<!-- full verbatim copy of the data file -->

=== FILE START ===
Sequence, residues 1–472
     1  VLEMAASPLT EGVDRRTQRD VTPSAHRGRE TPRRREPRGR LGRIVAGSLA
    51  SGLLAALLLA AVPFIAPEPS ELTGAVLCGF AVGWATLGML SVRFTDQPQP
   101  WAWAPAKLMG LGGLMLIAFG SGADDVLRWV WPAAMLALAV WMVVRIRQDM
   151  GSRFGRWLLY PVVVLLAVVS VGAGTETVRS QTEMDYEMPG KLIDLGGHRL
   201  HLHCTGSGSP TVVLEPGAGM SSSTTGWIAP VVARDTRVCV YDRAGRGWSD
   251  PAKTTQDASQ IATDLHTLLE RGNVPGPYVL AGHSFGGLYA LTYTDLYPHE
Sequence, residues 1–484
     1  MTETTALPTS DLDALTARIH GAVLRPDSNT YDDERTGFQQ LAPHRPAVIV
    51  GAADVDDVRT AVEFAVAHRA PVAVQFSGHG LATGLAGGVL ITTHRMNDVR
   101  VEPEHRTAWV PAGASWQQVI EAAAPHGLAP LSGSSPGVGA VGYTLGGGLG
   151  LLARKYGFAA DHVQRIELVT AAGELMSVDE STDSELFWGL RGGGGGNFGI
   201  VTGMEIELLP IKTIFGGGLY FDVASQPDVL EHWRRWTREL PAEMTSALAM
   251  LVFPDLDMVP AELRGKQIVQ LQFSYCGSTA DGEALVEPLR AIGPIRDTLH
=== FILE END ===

Sequence, residues 1–472
     1  VLEMAASPLT EGVDRRTQRD VTPSAHRGRE TPRRREPRGR LGRIVAGSLA
    51  SGLLAALLLA AVPFIAPEPS ELTGAVLCGF AVGWATLGML SVRFTDQPQP
   101  WAWAPAKLMG LGGLMLIAFG SGADDVLRWV WPAAMLALAV WMVVRIRQDM
   151  GSRFGRWLLY PVVVLLAVVS VGAGTETVRS QTEMDYEMPG KLIDLGGHRL
   201  HLHCTGSGSP TVVLEPGAGM SSSTTGWIAP VVARDTRVCV YDRAGRGWSD
   251  PAKTTQDASQ IATDLHTLLE RGNVPGPYVL AGHSFGGLYA LTYTDLYPHE
Sequence, residues 1–484
     1  MTETTALPTS DLDALTARIH GAVLRPDSNT YDDERTGFQQ LAPHRPAVIV
    51  GAADVDDVRT AVEFAVAHRA PVAVQFSGHG LATGLAGGVL ITTHRMNDVR
   101  VEPEHRTAWV PAGASWQQVI EAAAPHGLAP LSGSSPGVGA VGYTLGGGLG
   151  LLARKYGFAA DHVQRIELVT AAGELMSVDE STDSELFWGL RGGGGGNFGI
   201  VTGMEIELLP IKTIFGGGLY FDVASQPDVL EHWRRWTREL PAEMTSALAM
   251  LVFPDLDMVP AELRGKQIVQ LQFSYCGSTA DGEALVEPLR AIGPIRDTLH